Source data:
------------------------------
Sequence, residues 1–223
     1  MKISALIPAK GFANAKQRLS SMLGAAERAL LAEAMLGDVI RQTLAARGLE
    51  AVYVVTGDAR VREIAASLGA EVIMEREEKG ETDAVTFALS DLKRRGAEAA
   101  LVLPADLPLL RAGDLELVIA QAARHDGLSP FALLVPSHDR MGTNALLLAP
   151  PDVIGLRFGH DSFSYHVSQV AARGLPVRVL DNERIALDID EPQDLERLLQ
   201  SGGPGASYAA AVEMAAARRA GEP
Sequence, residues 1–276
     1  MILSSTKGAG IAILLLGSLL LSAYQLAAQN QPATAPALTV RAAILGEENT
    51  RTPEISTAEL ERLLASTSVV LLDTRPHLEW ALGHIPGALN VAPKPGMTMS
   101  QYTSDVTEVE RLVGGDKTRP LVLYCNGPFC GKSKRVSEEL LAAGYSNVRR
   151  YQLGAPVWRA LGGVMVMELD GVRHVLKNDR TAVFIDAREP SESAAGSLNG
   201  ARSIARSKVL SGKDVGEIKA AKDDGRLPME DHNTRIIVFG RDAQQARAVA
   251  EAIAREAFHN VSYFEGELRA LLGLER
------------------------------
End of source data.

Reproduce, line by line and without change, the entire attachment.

Sequence, residues 1–223
     1  MKISALIPAK GFANAKQRLS SMLGAAERAL LAEAMLGDVI RQTLAARGLE
    51  AVYVVTGDAR VREIAASLGA EVIMEREEKG ETDAVTFALS DLKRRGAEAA
   101  LVLPADLPLL RAGDLELVIA QAARHDGLSP FALLVPSHDR MGTNALLLAP
   151  PDVIGLRFGH DSFSYHVSQV AARGLPVRVL DNERIALDID EPQDLERLLQ
   201  SGGPGASYAA AVEMAAARRA GEP
Sequence, residues 1–276
     1  MILSSTKGAG IAILLLGSLL LSAYQLAAQN QPATAPALTV RAAILGEENT
    51  RTPEISTAEL ERLLASTSVV LLDTRPHLEW ALGHIPGALN VAPKPGMTMS
   101  QYTSDVTEVE RLVGGDKTRP LVLYCNGPFC GKSKRVSEEL LAAGYSNVRR
   151  YQLGAPVWRA LGGVMVMELD GVRHVLKNDR TAVFIDAREP SESAAGSLNG
   201  ARSIARSKVL SGKDVGEIKA AKDDGRLPME DHNTRIIVFG RDAQQARAVA
   251  EAIAREAFHN VSYFEGELRA LLGLER